As Lord Owen and Cyrus Vance have discovered in their efforts to bring peace to Bosnia, map-making in the region can be an unrewarding experience. It is possible nevertheless to identify different types of 'minority' situation, of varying degrees of complexity. In some parts, there are clearly defined territories occupied by 'nationalities' which are relatively homogenous but which are, or were, subsumed into a larger state. These may be either 'serf-standing' such as the Slovenes, or peoples who have a close kinship with a neighbouring state such as the Albanians of Kosovo and the Moldovans (ethnically linked to the Romanians). Elsewhere, there are minorities living in less neatly definable territories but who, nevertheless, are in the majority in a given area. Examples of this situation include the Hungarians in North West Romania or the Serbs of Eastern Croatia (who 'detached' themselves from the rest of the country in last year's fighting, displacing many resident Croats in the process). Finally, there is the case, best illustrated by Bosnia Herzegovina, of complex intermingling.
In an ideal world, none of these minority situations would have any practical significance since it should be possible for people to get along together, respecting each others' differences. Yugoslavia, however, shows how different reality can be. And once fighting has started, 'ethnic cleansing' takes place and atrocities occur, the prospects for reconciliation rapidly diminish.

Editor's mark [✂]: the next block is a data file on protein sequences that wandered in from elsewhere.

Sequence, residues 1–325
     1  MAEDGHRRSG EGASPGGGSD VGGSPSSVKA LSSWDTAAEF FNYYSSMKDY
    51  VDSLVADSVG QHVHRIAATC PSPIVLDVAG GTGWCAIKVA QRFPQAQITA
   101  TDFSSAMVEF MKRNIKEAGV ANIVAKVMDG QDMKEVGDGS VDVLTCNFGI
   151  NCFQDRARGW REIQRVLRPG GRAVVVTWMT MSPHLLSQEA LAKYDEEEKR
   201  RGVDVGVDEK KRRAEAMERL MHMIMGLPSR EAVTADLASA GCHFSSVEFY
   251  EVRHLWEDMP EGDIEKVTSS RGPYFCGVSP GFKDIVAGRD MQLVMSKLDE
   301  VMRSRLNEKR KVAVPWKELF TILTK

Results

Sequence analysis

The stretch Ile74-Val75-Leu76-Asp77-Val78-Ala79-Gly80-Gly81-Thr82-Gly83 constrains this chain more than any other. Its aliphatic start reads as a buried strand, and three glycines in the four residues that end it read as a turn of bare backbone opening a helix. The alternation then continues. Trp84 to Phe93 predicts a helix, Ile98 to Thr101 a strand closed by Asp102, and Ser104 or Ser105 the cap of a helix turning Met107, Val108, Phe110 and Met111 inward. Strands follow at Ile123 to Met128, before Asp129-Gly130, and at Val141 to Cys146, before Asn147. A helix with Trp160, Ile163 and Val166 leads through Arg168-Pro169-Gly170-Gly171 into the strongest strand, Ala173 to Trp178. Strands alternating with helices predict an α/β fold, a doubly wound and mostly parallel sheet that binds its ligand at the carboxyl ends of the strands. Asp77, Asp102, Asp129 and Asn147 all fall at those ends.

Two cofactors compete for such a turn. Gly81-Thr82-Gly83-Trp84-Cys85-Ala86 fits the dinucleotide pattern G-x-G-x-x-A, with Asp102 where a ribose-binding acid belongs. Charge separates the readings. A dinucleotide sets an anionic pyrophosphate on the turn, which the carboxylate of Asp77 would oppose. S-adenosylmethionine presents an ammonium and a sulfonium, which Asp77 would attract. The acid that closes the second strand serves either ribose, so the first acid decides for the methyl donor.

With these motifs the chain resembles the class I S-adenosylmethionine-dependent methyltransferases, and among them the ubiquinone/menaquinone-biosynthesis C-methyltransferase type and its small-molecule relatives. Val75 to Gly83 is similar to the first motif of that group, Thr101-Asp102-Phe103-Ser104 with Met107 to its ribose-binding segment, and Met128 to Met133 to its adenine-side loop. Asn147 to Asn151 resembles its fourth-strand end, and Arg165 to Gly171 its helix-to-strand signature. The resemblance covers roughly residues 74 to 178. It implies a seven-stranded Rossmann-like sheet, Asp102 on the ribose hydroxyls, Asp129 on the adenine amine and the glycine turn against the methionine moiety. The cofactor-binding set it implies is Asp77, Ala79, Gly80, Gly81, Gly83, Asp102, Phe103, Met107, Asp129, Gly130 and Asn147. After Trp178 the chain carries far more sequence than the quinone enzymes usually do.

Although the focus today is on the unfolding tragedy of Bosnia, there are numerous other potential trouble spots in the region. The aforementioned Albanian population of Kosovo is obviously in an uncomfortable position within the boundaries of Serbia-Montenegro. The territorial integrity of newly independent Croatia has been shattered by last year's fighting around Vukovar. There are large Hungarian minorities in Serbia, Romania and the former Czechoslovakia. The recently recognised' ex-Yugoslav Republic of Macedonia' is viewed with suspicion by Greece, which has its own province of Macedonia. The Turkish minority in Bulgaria is under pressure.